Israeli Breakthrough Offers Hope for Children with Dravet Syndrome

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Photo by Tel Aviv University on 22 June, 2023
By Pesach Benson • 22 June, 2023

 

Jerusalem, 22 June, 2023 (TPS) — An Israeli breakthrough in the field of genetic therapy stands to revolutionize the treatment of Dravet syndrome, a severe and fatal form of epilepsy affecting children.

This rare syndrome is caused by a genetic mutation that is not inherited from parents. Its random occurrence during fetal development makes it difficult to predict or diagnose early on. Seizures typically begin around the age of one. As the child grows, seizures can last as long as 10 minutes. Dravet Syndrome also causes developmental delays and cognitive impairment.

An estimated 15-20% of children diagnosed with Dravets Syndrome die before reaching adulthood. There is no cure, and current treatment focuses on simply reducing seizures.

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However, a team of Tel Aviv University researchers led by Dr. Moran Rubinstein working in collaboration with other institutions, developed an innovative gene therapy. Their findings were recently published in the peer-reviewed Journal of Clinical Investigation.

As part of the study, a virus carrying a normal SCN1A gene was injected into the brains of mice with Dravet Syndrome. The treatment was found to be effective in a variety of critical aspects such as improvement in epilepsy, protection from early death, and significant improvement of cognitive abilities.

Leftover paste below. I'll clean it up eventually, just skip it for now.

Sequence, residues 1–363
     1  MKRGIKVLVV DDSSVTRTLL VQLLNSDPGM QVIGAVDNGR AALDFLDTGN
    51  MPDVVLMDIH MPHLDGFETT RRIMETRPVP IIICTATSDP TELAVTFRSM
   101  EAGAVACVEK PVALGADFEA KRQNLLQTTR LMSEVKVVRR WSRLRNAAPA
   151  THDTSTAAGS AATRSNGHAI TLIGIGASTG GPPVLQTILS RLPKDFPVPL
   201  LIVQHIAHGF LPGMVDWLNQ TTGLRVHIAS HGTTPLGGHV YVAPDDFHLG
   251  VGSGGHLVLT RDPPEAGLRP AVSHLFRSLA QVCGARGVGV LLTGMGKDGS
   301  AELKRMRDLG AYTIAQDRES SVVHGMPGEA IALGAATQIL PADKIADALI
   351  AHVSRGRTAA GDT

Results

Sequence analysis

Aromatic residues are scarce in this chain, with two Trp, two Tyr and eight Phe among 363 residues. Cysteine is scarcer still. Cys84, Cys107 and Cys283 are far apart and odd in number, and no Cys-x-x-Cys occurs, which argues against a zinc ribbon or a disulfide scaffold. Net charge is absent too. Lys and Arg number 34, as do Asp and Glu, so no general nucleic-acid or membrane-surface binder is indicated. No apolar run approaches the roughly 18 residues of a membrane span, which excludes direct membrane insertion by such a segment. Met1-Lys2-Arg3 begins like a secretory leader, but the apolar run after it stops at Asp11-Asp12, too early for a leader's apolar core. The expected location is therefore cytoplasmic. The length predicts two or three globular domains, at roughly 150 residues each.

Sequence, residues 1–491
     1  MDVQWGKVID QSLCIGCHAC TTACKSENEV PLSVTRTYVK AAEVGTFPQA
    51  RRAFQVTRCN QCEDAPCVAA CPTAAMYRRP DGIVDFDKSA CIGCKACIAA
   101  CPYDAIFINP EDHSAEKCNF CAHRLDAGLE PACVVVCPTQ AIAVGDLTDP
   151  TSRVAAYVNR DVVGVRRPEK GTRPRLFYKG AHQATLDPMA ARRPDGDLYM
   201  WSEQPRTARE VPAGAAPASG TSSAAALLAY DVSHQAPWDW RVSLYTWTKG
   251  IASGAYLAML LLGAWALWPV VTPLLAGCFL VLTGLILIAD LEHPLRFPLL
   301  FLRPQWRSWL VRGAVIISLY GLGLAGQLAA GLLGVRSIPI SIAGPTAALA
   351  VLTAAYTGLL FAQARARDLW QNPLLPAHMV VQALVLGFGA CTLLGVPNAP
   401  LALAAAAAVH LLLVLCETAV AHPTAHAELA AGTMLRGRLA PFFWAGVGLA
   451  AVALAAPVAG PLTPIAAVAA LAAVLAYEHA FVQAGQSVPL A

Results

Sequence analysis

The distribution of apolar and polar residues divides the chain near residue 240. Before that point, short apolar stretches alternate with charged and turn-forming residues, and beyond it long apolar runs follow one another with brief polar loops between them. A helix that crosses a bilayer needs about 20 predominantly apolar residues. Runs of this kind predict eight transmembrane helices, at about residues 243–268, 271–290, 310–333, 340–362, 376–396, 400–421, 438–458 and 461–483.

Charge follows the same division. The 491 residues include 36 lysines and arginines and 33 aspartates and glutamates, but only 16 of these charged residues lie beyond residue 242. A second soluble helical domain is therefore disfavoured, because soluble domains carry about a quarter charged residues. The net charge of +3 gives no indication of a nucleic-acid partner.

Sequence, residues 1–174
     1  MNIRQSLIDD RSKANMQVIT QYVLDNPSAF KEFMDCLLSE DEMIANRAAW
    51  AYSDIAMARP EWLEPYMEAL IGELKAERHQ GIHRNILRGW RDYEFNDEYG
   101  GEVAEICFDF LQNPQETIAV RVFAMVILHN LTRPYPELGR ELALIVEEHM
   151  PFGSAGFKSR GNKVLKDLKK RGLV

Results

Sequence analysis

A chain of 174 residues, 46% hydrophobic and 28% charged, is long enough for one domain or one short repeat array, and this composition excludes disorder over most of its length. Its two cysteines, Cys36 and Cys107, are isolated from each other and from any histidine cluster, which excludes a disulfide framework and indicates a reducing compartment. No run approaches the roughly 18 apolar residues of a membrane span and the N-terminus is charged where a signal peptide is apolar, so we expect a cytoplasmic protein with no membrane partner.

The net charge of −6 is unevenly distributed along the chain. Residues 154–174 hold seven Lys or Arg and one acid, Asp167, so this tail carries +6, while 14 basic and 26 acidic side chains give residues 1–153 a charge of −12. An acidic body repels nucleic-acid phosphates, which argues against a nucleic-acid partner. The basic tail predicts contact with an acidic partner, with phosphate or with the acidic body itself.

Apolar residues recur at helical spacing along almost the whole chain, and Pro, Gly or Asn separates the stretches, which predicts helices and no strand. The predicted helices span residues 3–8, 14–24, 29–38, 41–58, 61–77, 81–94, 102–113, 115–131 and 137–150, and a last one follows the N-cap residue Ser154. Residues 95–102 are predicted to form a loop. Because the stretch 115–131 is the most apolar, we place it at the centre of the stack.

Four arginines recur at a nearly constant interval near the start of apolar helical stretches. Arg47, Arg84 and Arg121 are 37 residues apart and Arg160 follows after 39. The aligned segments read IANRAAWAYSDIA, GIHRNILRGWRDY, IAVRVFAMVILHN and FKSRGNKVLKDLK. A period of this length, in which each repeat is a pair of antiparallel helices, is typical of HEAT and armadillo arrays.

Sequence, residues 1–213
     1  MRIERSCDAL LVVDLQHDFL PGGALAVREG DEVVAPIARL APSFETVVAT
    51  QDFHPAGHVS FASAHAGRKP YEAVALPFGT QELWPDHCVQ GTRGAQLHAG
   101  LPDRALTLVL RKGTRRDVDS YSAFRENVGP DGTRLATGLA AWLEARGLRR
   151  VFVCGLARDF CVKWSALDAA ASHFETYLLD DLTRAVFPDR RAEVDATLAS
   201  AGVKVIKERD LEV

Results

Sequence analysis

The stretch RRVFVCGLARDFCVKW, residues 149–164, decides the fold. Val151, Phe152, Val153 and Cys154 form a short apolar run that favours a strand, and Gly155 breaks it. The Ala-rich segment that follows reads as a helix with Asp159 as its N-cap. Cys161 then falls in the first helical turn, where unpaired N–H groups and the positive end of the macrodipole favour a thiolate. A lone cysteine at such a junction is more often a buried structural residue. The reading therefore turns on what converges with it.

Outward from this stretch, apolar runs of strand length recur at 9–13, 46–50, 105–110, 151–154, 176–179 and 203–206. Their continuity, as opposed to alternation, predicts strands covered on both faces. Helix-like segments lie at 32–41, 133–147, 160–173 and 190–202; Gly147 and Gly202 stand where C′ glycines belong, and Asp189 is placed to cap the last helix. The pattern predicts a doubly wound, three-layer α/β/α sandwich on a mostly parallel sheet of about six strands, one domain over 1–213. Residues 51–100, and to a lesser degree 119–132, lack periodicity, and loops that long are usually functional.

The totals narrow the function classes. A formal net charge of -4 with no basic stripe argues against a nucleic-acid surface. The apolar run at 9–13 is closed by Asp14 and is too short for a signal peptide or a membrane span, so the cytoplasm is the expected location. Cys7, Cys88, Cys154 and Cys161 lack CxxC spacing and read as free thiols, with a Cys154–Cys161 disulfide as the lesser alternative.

Notably, the treatment was found to be effective after the onset of severe epilepsy in Dravet.

In the next stage, the researchers injected the carrier virus directly into the brains of the mice with Dravet Syndrome in order for the virus to infect the malfunctioning nerve cells.

The researchers explained that direct injection into the brain was necessary because the size and properties of the virus do not allow it to pass through the blood-brain barrier. This barrier of blood vessels and tissue helps keep harmful substances from entering the brain.

Thirty one mice were treated at three weeks of age, after the onset of spontaneous convulsions — equivalent to one to two years of age in children. Thirteen mice were treated at five weeks of age — equivalent to approximately six to eight years of age in children.

The injection was performed in several areas of the brain, and in addition an empty virus was injected into the brains of forty eight mice for control.

The researchers found that the gene treatment’s highest efficiency was at three weeks of age. In these mice, the seizures stopped completely within just sixty hours of injection, life expectancy increased significantly, and the cognitive impairment was fully repaired. Even in mice treated at five weeks of age, a significant improvement was observed, with decreased epileptic activity.

For the mice in the control group mice that received an empty virus, no improvement was observed and about half died an early death.

To test the treatment’s safety, it was also applied to healthy mice, and researchers found no harmful results.

“We hope that the technique we developed in the laboratory will also reach the clinic in the future and help children with this serious disease,” Rubinstein said.

“In addition, since there is a similarity between Dravet and other rare developmental epilepsies, in terms of the patient’s symptoms and brain changes, we hope that this treatment can also help other types of genetic epilepsies, and we think that the tools we developed in this research will pave the way for the development of similar treatments for other rare diseases,” she added.

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